Clubs speak out on controversial player points

Headshot of Cameron Newbold
Cameron NewboldAlbany Advertiser
Mt Barker are one of six GSFL clubs who play under the points system.
Camera IconMt Barker are one of six GSFL clubs who play under the points system. Credit: Laurie Benson Albany Advertiser

The majority of the Great Southern Football League clubs have raised concerns about changes being made to the current player points system after the start of the season.

After GSFL president Joe Burton came out this week and backed the controversial player points system, the six participating clubs have had their say on the hot topic.

The Albany Advertiser canvassed all six GSFL club presidents this week, putting to them three questions around the player points and the responses were not in favour of rules or team points allocations changing on the run.

A sub-clause in an existing by-law around club of origin was removed after the opening round, individual player points ratings were changed and now the team allocations of three traditional Albany clubs Royals, Railways and North Albany were also increased.

Get in front of tomorrow's news for FREE

Journalism for the curious Australian across politics, business, culture and opinion.


All six clubs said they were in support of the concept of the points system and why it was introduced.

The Lions made a statement, saying they supported the rules and allocations that were introduced prior to 2018 but have since changed.

“Royals Football and Sporting Club appreciates that a valid points system may be necessary to assist in evening out the competition in the GSFL,” president Adam Powell said.

“Furthermore Royals has supported the points PPV rules and allocations that were first introduced in 2018.”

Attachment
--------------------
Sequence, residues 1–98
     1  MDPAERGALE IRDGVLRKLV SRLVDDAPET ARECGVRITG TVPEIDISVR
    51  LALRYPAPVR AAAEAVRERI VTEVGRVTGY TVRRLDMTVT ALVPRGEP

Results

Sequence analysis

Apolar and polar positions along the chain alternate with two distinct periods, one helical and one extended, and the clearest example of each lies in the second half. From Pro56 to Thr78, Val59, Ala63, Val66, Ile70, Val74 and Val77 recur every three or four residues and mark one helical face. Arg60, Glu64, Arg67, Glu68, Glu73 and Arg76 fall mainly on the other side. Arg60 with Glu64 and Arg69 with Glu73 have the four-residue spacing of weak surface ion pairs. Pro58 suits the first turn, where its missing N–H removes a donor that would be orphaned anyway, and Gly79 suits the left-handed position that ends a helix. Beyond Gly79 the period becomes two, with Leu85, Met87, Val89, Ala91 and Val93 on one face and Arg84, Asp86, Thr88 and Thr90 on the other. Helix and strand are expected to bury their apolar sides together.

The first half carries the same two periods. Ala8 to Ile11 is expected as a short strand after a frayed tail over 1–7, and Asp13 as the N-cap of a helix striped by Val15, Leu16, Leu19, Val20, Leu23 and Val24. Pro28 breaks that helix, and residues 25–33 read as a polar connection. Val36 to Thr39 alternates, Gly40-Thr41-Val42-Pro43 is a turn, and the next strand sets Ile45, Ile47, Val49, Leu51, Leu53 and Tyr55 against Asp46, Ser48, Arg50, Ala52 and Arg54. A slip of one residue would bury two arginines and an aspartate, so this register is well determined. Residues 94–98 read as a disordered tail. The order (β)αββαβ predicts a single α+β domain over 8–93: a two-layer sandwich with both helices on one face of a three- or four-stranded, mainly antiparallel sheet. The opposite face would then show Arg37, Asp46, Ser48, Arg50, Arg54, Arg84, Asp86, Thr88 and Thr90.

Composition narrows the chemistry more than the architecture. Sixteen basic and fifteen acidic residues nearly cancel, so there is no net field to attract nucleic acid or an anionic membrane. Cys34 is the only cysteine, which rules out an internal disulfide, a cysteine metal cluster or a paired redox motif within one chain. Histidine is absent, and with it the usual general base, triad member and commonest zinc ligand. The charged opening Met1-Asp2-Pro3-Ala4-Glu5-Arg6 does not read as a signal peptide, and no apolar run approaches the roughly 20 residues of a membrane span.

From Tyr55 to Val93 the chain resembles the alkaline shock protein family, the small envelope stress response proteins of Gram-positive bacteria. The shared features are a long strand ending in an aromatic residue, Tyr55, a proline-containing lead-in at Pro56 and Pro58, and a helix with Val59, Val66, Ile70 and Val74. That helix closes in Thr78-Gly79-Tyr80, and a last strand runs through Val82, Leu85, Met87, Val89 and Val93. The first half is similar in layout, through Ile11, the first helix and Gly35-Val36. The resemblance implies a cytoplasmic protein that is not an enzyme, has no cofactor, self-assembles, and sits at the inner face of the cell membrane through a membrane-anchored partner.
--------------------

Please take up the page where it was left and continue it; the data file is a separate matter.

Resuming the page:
Tigers president Andrew Want said his club had concerns about the system in its current form and questioned why changes were being made during the season.

“We absolutely support the points system but not in its current form,” Want said.

“We would prefer preparation and planning to policy on the run.”

Mt Barker president Dean Wallinger said his club was supportive of the system but were unhappy things were are being changed mid-season. “We support it, if it’s set right and to achieve what it’s supposed to achieve,” he said.

“Our biggest gripe is the changes, on the eve of the season and then call a meeting without any discussion and just change things like club of origin.

“Now a couple of weeks into the season and we’re changing the rules.”

Albany president Geoff Oldfield challenged the move to give three Albany clubs an extra point.

“The points system is brought in to help struggling clubs not bring down strong clubs,” Oldfield said.

“I’m not overly worried about them going to 28 points but how does it help giving the three top clubs an extra point?”

Kangas president Iian Woods agreed team points allocations should not change once the season has begun.

“You can’t change the rules once you start, everyone has done their planning,” he said.

“Going to the WACFL six-point system next year will clarify things and remove the ability of individuals to drive their own agenda.”

Denmark-Walpole president Kim Barrow said the system simply had to remain to ensure the future of a six-team competition.

“It’s probably better all cut and dried before the season started,” he said.

“The system helps even things out a little bit, ourselves and Mt Barker lack the population the Albany guys have access to.

“There are three strong clubs and three hanging in there; if you want the six-team competition to work you’ve got to try and help the weaker clubs.”

Get the latest news from thewest.com.au in your inbox.

Sign up for our emails